Figure 3

Localized thermal profiles at four different locations within the work piece.

Figure 4 shows optical micrographs of the as-cast sample. The microstructure of the as-cast A206 contained some intermetallic phases that were mainly coarse needle-like CuAl2 compounds (Figure 4a). The average grain size is about 400 μm, and the dendritic microstructure is evident in Figure 4b. Significant porosity was observed; pores were up to 200–300 µm in length.
Figure 4

Micrographs showing (a) second-phase distribution in the as-cast A206; (b) grain morphology of as-cast A206.

Macrographs and micrographs taken from the sample after FSP are shown in Figure 5. The FSP region has a basin-shaped nugget with a wide top; the left side of the FSP region is not symmetrical with the right side. In Figure 5a, “A” refers to the advancing side, on which the tool rotation direction is the same as the tool traverse direction; “R” refers to the retreating side of the work piece, where the tool rotation direction and tool traverse direction are opposite to each other. The boundaries are evidence of the asymmetric strain distribution experienced by the material during processing. By comparing Figure 5b with 4a, one can see the dramatic change in the second-phase particle distribution. The FSP has fragmented the second-phase particles and more uniformly distributed them within the process zone. Some of the fragmented soluble CuAl2 particles could have dissolved due to the elevated temperature experienced during FSP. It is notable that macroscopic porosity is essentially eliminated. This results from the compressive stresses imposed during the process at very high temperatures. There might be some very fine scale porosity remaining.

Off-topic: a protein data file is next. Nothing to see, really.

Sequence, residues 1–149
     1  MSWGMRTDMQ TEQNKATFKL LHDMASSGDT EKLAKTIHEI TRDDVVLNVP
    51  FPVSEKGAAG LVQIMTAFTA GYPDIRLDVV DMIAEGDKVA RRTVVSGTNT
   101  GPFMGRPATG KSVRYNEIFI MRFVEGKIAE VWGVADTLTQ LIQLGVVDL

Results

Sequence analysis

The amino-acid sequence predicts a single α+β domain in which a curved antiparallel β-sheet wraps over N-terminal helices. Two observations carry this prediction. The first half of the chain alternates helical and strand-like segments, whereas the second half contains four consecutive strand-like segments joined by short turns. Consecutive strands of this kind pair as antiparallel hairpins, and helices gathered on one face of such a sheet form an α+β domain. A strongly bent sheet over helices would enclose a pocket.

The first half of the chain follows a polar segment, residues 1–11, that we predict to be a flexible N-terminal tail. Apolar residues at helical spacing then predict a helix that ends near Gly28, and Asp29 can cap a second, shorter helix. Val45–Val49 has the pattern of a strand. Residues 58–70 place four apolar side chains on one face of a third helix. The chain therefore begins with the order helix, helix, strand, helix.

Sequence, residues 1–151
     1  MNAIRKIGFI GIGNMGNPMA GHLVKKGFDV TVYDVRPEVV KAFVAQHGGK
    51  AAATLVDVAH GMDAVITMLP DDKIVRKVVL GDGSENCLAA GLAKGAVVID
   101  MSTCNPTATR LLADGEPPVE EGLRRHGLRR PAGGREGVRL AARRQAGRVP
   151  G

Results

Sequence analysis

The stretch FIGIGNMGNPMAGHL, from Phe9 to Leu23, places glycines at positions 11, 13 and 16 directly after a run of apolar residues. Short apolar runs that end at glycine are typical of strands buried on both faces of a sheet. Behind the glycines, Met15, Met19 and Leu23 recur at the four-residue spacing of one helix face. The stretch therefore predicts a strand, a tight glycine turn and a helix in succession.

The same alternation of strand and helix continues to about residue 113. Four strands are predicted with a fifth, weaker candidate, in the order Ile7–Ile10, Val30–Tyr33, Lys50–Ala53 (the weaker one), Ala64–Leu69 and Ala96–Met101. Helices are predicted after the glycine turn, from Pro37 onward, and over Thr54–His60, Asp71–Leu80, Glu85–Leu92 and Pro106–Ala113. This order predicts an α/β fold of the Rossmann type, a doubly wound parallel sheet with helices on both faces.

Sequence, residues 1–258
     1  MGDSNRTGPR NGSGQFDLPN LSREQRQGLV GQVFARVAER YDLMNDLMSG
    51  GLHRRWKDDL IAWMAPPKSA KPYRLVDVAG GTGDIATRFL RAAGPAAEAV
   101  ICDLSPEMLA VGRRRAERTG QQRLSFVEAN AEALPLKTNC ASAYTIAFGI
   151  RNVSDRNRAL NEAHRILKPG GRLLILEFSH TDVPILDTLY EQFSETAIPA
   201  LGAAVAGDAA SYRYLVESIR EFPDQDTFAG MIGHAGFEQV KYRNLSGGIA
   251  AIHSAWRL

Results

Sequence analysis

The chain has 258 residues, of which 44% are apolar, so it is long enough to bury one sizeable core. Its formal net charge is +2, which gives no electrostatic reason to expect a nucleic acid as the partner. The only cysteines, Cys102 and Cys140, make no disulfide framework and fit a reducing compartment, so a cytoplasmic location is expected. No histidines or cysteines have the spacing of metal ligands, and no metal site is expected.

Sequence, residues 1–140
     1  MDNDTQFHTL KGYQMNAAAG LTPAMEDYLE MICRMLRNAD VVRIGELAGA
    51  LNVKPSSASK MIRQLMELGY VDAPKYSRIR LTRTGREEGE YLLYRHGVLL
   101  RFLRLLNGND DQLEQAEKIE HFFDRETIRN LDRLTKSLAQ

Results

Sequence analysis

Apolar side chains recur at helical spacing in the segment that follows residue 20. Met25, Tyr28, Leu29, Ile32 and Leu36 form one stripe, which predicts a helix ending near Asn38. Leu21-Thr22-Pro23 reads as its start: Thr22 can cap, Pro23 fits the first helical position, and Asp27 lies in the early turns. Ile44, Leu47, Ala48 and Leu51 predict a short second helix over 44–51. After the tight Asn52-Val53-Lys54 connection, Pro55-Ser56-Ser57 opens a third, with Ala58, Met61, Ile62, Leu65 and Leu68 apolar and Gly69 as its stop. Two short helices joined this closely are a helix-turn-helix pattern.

Figure 5

Macro- and microimages of FSP region (a) macrograph of FSP region; (b) second-phase distribution of FSP’d A206; (c) grain morphology of FSP’d A206; (d) micrograph of retreating side; (e) micrograph of advancing side; (f) micrograph of the onion ring; (g) grain orientations inside the onion ring region.